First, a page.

Jesus connected belief in the Tanakh with belief in Himself. St. John, in the fifth chapter of his Gospel records that after healing a man at the pool of Bethesda, He was persecuted for healing on the Sabbath. In His response to those who persecuted Him, He pointed to witnesses that would, in accordance with the Torah’s requirement that testimony be established in the mouth of two or three witnesses, bear witness of Himself. The witnesses were John the Baptist, His own works, and His Father. He then went on to explain that the Old Testament was the testimony of His Father about Himself:
Search the scriptures; for in them ye think ye have eternal life: and they are they which testify of me… Do not think that I will accuse you to the Father: there is one that accuseth you, even Moses, in whom ye trust. For had ye believed Moses, ye would have believed me; for he wrote of me. But if ye believe not his writings, how shall ye believe my words? (vv. 39, 45-47).
In the parable of Dives and Lazarus, Jesus placed this same argument in the mouth of Abraham. In the parable, which Jesus addressed to the Pharisees at some point after the events recorded in the eleventh chapter of St. John’s Gospel (13), the rich man asks Abraham that Lazarus be sent to his father’s house to warn his five brothers and Abraham tells him “They have Moses and the prophets; let them hear them”, and when Dives pleads that they will repent if someone comes to them from the dead, Abraham says “If they hear not Moses and the prophets, neither will they be persuaded, though one rose from the dead.”
Jesus treated the Hebrew Scriptures as authoritative in His disputes with His enemies. He rebuked the Pharisees for abusing human tradition to circumvent obedience to the commandments of Scripture (Matthew 15:3-6), and told the Sadducees, who only accepted the Torah and not the rest of the Tanakh as Scripture and as a result did not believe in such things as an afterlife and the resurrection (14) that they “err, not knowing the scriptures, nor the power of God” (Matthew 22:29) and went on to argue against their disbelief in the resurrection, on the basis of the tense of a verb in Exodus, one of the books they did accept.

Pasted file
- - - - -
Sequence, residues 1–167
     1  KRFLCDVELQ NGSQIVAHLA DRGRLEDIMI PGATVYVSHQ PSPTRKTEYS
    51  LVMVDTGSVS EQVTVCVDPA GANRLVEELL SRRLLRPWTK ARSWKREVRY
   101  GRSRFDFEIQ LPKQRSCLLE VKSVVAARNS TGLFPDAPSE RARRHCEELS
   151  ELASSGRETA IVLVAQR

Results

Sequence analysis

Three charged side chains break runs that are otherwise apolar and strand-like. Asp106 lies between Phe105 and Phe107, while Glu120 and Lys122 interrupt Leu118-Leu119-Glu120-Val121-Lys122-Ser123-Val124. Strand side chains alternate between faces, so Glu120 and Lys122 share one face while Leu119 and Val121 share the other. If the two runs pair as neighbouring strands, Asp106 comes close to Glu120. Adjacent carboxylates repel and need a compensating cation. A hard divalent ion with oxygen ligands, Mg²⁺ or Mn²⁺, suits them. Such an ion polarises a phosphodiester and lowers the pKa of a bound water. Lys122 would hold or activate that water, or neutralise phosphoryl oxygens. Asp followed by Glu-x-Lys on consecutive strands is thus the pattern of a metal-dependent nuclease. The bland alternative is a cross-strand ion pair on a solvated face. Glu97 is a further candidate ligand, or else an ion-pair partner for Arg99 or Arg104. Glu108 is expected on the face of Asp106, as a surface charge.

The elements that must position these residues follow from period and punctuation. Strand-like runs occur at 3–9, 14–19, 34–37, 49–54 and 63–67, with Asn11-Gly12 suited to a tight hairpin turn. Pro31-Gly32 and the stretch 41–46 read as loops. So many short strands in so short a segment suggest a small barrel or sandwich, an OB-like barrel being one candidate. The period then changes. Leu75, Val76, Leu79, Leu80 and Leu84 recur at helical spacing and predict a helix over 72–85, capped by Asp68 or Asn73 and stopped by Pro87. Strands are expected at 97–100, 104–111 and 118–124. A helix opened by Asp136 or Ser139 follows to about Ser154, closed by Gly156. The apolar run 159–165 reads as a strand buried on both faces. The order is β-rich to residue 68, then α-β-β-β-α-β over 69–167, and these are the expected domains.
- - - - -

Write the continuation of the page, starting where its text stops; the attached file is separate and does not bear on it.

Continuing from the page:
Jesus unmistakably regarded the Hebrew Scriptures as the authoritative Word of God and treated faith in those Scriptures and faith in Himself as inseparable.
Does the New Covenant Contain a Higher Standard Than the Old?
This is acknowledged in a number of traditions that are Trinitarian, orthodox about the Person and Work of Christ, but which teach that Jesus taught an ethic of pacifism or non-resistance. These traditions acknowledge the Hebrew Scriptures to be as much the Word of God as the Christian Scriptures but maintain that Jesus taught a higher ethical standard than that contained in the Law of Moses, that has superseded the Law of Moses, and that this higher ethical standard contains the principle of non-resistance.
The Christian Scriptures do contain a number of ideas that seem to lend weight to this teaching. The very name we traditionally give to the Christian Scriptures is one of them. “New Testament” means “New Covenant”, and we call the Christian Scriptures this, because Jesus, as He instituted the Holy Eucharist at His final Passover seder with His Apostles, on the eve of His Crucifixion, took the cup and said “this is my blood of the New Testament which is shed for many for the remission of sins.” This refers back to the promise in the Old Testament prophets that God would establish a New Covenant with His people, in which His law would be written upon their hearts, rather than upon tablets of stone. This New Covenant is based upon an act of salvation, which took place on the anniversary of God’s deliverance of His people from slavery in Egypt, to which that earlier act of salvation pointed – the Son of God’s offering Himself up as the one, true, and perfect sacrifice that takes away the sins of the world and makes His people right with God.